NetApp LUN serial to WWID converter

Linux use disk (LUN) WWID in it's multipath configuration. Even when single path configuration used, WWID becomes usefull to distinguish one LUN from similar.

You can see these WWID in /dev/disk/by-id directory:

~ # cd /dev/disk/by-id/
/dev/disk/by-id # ll
total 0
lrwxrwxrwx 1 root root 10 Jul 21 20:41 scsi-360a98000646564494b346f6e75757367 -> ../../sdet
lrwxrwxrwx 1 root root 10 Jul 21 20:41 scsi-360a98000646564494b346f6e75757369 -> ../../sdew
lrwxrwxrwx 1 root root 10 Jul 21 20:41 scsi-360a98000646564494b346f6e7575736a -> ../../sder
lrwxrwxrwx 1 root root 10 Jul 21 20:41 scsi-360a98000646564494b346f6e7575736b -> ../../sdev

Getting WWID from EMC

I've already wrote this in my "Linux multipath Boot from SAN (RedHat 5)" article, but nothing worth to repeat:

# symdev -sid XXX show 3377 | grep WWN
    Device WWN               : 60000970000292601446533033333737

Linux will see same number with 3 prepends (not sure, what this mean).

NetApp and LUN serial

netapp> lun show -v /vol/myvolume/l4
        /vol/myvolume/l4     30g (32212254720)   (r/w, online, mapped)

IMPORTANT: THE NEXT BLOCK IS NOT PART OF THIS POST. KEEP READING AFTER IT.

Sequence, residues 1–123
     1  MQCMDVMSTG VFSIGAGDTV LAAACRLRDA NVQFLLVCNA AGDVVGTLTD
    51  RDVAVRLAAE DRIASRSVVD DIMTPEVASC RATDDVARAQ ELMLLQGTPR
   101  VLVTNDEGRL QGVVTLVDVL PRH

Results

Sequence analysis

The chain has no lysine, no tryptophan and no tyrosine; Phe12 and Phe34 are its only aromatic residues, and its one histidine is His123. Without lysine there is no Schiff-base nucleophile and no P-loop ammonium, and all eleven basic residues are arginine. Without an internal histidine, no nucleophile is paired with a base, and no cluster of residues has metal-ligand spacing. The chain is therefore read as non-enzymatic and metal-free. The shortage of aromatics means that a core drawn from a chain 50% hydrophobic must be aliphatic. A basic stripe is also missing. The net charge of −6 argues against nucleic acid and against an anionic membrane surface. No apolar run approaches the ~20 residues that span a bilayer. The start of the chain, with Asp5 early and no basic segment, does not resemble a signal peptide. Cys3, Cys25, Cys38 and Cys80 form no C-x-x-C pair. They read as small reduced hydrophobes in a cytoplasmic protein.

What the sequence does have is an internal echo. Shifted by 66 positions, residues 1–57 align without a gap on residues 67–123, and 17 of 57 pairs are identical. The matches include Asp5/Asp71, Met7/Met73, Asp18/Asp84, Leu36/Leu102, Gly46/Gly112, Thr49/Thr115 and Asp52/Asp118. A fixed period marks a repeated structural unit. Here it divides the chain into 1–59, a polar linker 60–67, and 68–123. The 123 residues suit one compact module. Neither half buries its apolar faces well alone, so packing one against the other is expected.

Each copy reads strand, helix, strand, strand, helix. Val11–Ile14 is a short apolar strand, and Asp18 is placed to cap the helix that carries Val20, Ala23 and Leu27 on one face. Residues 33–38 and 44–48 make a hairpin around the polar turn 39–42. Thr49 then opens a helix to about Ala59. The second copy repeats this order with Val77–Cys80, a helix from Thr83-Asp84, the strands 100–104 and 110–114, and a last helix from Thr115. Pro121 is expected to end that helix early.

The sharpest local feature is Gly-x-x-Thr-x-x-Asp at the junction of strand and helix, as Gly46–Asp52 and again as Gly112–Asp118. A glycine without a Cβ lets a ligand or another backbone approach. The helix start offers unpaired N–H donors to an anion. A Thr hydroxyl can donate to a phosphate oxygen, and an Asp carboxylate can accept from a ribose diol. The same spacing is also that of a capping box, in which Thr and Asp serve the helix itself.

Serial#: dedIK4onuuso

NetApp use string annotation for this WWID, that make conversion more complicated. The resulting WWID for this "Serial#" will be 360a98000646564494b346f6e7575736f . It looks like "360a98000" prefix belongs to NetApp company; this part is fixed part of WWID and not included into this "Serial#" string. Then the string just printed in hexadecimal form.

Note: C-Dot ONTAP has another prefix "3600a0980". According to this KB there is also E-Seriesdeviation. Still not saw this product, however, calculator was updated.

This JavaScript (yes, enable it) calculator will make a job:

LUN migrations

Once LUN created, NetApp filer generates new serial string for it. I am not sure what happens with LUN serial when snapmirror established, but new serial will be generated during snapmirror break.

Differ from EMC, NetApp allow you to set any serial (string) you want. It should be unique on filer (I think so). This make migration much easy. You have to put LUN offline before setting new serial. Then, the migration procedure looks like follow:

  1. Initialize snapmirror to other filer
  2. Shut down server
  3. Quiesce, break snapmirror
  4. Put LUN offline and fix serial exactly as it was on source filer, put LUN online
  5. Fix zones, initiator groups and map LUN to it
  6. Start server

Read for Linux with Netapp LUNs best practice at HOWTO LUNs on Linux using native tools article.

Updated on Thu Aug 29 08:23:33 UTC 2013 More documentations here